Lisa Bell

Having a great product and great customer service are the foundation for customer retention. And positive word of mouth is by far the best marketing tool in your arsenal. But you can't control when that happens, so you need a marketing plan to keep the customers you want. Don't just hope your customers love you—be proactive. Put your plan in writing and make it stick. Follow through and take action. Use direct mail, e-mail, newsletters and other marketing tools to make your best customers feel special.   Treat your best customers with respect and they'll reward you with loyalty beyond your wildest dreams. Send

When you solicit feedback from your customers, you're giving them power: the power to affect changes to your product or service, and the power to redefine your relationship. Customers like feeling in control. In reality, it's just the opposite. By asking for all this honesty and insight, you're subtly taking control. You can fix what needs to be fixed. It's a proactive versus reactive strategy. You're the valiant knight who rides in on the white horse and makes it all better. A noble mission, indeed. But if you don't use the information gleaned to make improvements, you've dropped the ball. Don't ask

Analyze your customer data to find out who your best customers are. This may sound like a big "duh", but the devil is in the details. There may be trends that you've overlooked. And keep an eye on profitability, not just transactions. In the credit card world, a heavy spender who pays off his balance each month is usually not as profitable as a moderate spender who carries a balance. When you know who your best customers are, you can tailor your marketing programs to keep those customers and encourage them to spend more with you. —Lisa Bell, president and chief creative officer, Tivoli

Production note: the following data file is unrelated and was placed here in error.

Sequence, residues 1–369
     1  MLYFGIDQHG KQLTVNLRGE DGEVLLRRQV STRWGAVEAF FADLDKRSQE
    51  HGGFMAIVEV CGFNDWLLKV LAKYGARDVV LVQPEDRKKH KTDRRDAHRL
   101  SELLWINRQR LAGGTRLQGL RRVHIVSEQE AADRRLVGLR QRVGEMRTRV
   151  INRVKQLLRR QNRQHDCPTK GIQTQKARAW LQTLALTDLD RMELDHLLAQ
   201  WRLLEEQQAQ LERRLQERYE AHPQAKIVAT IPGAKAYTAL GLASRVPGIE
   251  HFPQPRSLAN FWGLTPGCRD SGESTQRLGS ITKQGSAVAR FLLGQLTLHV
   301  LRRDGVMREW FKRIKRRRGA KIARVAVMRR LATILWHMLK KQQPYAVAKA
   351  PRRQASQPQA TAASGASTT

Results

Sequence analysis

If you've sold your customer a service and they're not using it, get them to activate. Examples: online bill pay; long-distance service; credit and debit cards. At the start of a new relationship, there's that warm and fuzzy feeling when a customer signs on. You got them to say "yes."  Three months later you're wondering why your customer doesn't love you. Is it something you did? No. It's something you didn't do. You sold them and moved on. You assumed that the customer would fend for himself and figure out all the great things about doing business with you. The first few days/weeks of

Ask your customers what they want, what they like and don't like. Include customer surveys on your Web site, at point-of-sale and in package inserts. You'll likely get extreme feedback from customers who either love you or hate you. Customers who are mildly satisfied are not as motivated to speak their minds. But only ask if you're prepared to deal with the responses. Turning a deaf ear to a problem is the kiss of death. Customers expect you to take action when they complain, especially if you initiated the dialog. Use feedback from your surveys to make improvements to your product or service. Customers

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